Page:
The year 1958 brought some high-tech firsts: the first microchip, the first passenger jet to Europe, and the first satellite. It’s fitting that the RV brand known for engineering was born that year too. Called Modernistic Industries for its first three years, the company in Forest City, Iowa soon took a new name: Winnebago. Since producing its first $895 Aljo travel trailer in 1958, Winnebago has shaped America’s RV industry one game-changing model at a time. Here are some highlights:
The nation was stunned by 9/11, but business slowly recovered. By 2004, Winnebago was the top-seller in both Class As and Class Cs, and the “most admired RV manufacturer,” according to RVBusiness magazine. The company went on to expand every category with new models:
- The Ultimate Freedom and Ultimate Advantage, two top-of-the-line diesel pushers;
- The Vista and Sunstar, two affordable Class As that remain category leaders.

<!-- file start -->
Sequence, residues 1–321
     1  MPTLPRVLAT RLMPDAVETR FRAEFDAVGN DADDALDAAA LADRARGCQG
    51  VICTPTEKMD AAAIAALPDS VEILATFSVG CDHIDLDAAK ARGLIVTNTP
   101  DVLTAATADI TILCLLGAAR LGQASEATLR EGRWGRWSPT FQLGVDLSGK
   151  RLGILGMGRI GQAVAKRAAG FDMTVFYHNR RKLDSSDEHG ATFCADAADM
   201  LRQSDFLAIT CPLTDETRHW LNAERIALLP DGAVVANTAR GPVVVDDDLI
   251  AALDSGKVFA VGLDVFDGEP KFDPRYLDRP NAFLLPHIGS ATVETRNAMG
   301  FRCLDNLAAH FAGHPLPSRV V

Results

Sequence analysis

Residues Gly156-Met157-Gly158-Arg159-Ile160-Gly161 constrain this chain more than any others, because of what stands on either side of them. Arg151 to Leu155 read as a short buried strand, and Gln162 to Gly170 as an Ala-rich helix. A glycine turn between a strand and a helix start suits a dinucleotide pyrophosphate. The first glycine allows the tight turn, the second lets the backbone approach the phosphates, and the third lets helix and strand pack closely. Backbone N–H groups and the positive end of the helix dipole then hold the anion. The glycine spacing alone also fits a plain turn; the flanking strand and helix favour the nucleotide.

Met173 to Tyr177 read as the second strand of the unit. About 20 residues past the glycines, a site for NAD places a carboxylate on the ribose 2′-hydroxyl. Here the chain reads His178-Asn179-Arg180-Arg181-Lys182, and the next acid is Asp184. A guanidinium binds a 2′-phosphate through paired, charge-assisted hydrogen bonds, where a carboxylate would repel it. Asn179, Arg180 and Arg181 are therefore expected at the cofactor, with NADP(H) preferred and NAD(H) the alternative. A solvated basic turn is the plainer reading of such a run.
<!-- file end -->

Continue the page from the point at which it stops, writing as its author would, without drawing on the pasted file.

- The View and Navion, two Class Cs, and the first North American motorhomes built on a Mercedes-Benz Sprinter chassis; and
- The Era, a fuel-efficient Class B van also built on a Mercedes-Benz Sprinter chassis.
2010 to Now
Winnebago emerged from the Great Recession determined to thrive. In the last eight years, it’s expanded Class A diesel production, and acquired two companies (Sunnybrook RV and Grand Design) to make a big return to towables.
In 2014, the Winnebago Travato rolled out, based on a Dodge Ram ProMaster chassis. Together, the Era and Travato have catapulted Winnebago to the top of the B-van market.
Winnebago enters its seventh decade with the introduction of four revolutionary models for a growing customer base — the rugged 4x4 Class B Revel, the contemporary Horizon diesel pusher, the user-friendly Class A Intent, and the lightweight Minnie Plus fifth wheel.
As the next chapter dawns, RVs are certain to evolve, and based on its track record of 60 years, Winnebago will lead the way with new options for work, travel, live, and play.